Disturbingly tell-tale, too, are India’s role in the creation of Bangladesh – and the absorption of Sikkim into the Indian Union, not to mention her natural propensity to clamp economic blockades or otherwise twist political arms , whenever she believes Kathmandu needs to be taught a befitting lesson for not going along with her dictates.
India – in the many splendoured times of Prime Minister Narendra Modi – has pursued policies vis-à-vis Nepal no less disturbing to her than those pursued in the Nehru-Indira/Rajiv/Sonia Gandhi political age.
Off-hand, two stark similarities spring to mind – in the matter of imposition of blockades against Nepal and in New Delhi’s inexorable campaign – whether under Congress or BJP rule – to demonize Kathmandu’s legitimate foreign/security policy of progressively up-dating and enriching her ties to Beijing, including by constructing a modern railroad connection between them.
Even today, the propagandists of Luyten’s Delhi are furiously spinning the ludicrous yarn that China – Nepal’s immediate northern neighbour with whom she has a long history of political, cultural and social ties that anchor their geopolitical connectivity – is a rank outlier!
One only shudders to contemplate what Nepal’s political fate might have been if China’s Tibet region were not integrated into the Chinese mainstream in 1950 – or, if those who dream to separating Tibet from China, were/are successful.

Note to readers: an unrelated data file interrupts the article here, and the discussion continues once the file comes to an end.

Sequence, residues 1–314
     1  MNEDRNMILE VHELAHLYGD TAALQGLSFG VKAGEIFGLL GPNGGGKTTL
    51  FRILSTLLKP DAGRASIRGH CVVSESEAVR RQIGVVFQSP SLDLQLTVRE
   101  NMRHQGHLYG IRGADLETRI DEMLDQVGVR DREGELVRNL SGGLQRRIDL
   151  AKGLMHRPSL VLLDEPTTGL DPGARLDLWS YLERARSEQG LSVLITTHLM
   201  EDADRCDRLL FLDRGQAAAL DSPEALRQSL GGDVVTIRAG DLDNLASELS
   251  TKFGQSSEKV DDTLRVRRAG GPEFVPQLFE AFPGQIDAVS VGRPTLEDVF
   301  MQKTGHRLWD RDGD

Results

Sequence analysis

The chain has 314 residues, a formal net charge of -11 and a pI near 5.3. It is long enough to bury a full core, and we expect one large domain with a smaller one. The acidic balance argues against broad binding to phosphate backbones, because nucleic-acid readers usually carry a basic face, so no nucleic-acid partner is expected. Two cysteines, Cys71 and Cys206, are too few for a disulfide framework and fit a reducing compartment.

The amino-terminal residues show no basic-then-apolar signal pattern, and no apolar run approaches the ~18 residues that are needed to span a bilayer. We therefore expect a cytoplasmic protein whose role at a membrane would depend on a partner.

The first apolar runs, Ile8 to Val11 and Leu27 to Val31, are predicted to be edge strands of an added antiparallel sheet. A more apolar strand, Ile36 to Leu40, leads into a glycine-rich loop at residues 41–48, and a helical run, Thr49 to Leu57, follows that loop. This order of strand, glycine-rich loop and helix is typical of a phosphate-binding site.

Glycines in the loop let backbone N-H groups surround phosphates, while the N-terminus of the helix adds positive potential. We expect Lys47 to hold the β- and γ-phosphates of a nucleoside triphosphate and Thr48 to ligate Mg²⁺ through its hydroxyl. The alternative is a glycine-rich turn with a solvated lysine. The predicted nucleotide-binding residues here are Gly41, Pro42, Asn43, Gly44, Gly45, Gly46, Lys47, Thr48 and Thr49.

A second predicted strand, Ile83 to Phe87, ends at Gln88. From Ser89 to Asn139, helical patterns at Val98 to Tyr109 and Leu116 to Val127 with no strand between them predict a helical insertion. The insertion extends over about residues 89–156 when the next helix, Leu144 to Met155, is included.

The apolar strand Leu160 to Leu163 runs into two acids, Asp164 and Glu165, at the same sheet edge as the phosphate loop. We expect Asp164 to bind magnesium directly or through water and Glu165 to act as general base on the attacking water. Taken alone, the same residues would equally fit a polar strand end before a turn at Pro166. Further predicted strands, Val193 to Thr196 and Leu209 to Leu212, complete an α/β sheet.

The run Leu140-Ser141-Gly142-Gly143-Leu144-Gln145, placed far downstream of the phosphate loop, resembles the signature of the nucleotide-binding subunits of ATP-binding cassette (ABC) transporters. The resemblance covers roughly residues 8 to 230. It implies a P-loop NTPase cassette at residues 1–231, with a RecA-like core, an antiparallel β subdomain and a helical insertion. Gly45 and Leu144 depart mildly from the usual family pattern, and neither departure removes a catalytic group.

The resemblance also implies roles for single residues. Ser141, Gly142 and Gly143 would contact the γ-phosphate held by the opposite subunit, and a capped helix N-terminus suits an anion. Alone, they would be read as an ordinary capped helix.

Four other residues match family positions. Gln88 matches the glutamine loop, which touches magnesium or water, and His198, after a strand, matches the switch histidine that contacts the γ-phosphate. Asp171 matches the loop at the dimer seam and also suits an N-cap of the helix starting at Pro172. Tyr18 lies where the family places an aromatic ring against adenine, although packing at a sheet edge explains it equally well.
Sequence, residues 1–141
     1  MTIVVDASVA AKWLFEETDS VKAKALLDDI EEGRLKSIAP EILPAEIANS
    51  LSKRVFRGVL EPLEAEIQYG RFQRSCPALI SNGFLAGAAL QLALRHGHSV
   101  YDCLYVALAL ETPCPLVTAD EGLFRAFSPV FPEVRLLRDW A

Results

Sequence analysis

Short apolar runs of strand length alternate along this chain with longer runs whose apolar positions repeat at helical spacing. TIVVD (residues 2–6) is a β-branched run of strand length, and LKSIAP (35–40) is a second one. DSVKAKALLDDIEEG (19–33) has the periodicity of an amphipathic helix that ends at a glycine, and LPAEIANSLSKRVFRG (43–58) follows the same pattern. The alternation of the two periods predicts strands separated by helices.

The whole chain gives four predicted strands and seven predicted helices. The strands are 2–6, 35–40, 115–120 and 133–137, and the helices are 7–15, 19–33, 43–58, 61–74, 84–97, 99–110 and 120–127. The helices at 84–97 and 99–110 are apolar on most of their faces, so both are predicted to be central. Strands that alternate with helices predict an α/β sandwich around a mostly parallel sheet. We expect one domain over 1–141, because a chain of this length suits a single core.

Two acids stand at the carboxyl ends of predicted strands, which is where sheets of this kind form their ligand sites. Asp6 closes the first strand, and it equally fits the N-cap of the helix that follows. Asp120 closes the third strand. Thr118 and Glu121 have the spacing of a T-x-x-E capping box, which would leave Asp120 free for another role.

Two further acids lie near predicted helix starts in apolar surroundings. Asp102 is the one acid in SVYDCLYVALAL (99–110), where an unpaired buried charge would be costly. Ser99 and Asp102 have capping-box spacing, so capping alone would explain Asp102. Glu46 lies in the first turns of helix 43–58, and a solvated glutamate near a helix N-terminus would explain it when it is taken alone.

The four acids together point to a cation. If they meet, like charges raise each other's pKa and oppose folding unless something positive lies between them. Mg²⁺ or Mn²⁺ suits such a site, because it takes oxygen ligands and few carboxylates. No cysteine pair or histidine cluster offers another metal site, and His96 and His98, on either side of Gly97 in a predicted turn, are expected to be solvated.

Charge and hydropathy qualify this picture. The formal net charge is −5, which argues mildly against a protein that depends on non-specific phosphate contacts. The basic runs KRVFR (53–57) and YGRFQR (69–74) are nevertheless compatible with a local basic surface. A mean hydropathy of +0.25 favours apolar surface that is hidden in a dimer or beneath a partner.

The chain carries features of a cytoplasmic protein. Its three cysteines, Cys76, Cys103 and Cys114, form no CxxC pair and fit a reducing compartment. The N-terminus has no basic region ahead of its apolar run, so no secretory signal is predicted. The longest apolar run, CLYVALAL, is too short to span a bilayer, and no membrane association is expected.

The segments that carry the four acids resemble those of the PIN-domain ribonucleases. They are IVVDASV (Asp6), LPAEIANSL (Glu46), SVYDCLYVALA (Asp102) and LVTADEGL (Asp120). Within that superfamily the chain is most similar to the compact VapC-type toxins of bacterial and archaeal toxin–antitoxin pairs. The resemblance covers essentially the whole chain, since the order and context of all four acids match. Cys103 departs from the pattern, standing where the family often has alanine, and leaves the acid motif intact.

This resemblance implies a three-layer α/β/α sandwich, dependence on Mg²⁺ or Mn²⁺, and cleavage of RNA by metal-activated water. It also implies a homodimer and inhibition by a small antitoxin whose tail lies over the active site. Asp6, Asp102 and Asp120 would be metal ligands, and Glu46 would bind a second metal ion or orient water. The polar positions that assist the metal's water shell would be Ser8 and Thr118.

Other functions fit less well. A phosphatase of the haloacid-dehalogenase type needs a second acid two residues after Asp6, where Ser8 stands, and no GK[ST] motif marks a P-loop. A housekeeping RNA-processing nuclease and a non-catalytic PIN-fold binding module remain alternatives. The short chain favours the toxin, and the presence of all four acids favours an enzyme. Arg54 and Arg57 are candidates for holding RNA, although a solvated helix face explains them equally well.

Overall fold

But, to return to the main thrust of this write-up, let me remind readers that since Modi assumed political power in India in 2014, New Delhi has doggedly pursued foreign/security policies rooted to the notion that she is a Great Power – and must be treated by all as such, and more so, by smaller neighbours.
As such, Modi’s BJP-led government has pursued policies designed to highlight her growing economic, diplomatic and military clout or reach, including frequent assertions of her right to sit in the United Nations Security Council as a permanent, veto-wielding member. Fortunately, that remains a dream –at least, in the foreseeable future.
Considering the BJP government’s knee-jerk tendency to use the Big Stick, whether it be in Kashmir or with dealing with Muslims more generally, or even in frequently attempting to brow-beat Pakistan, Modi’s India will, in my considered view, plainly not meekly accept Nepal’s pleas and argument vis-à-vis the Kalapani territorial dispute.
Nepal’s leaders must therefore stop day-dreaming. If India continues to look the other way, in respect to bilateral negotiations, Kathmandu must clearly either internationalize the dispute and/or devise other means, including imaginative politico-diplomatic ones, to impress upon India’s present rulers that Nepal is not quite as helpless as they might imagine.
Accepting continued Indian occupation of Kalapani as a fait accompli is simply not acceptable. But are our present day rulers capable of coming forth with a response that serves the national interest, while keeping Nepal’s national dignity, sovereignty and territorial integrity intact?
We will know, soon enough. But, what needs to be emphasized, policies based merely on hope or wishful thinking are no panaceas.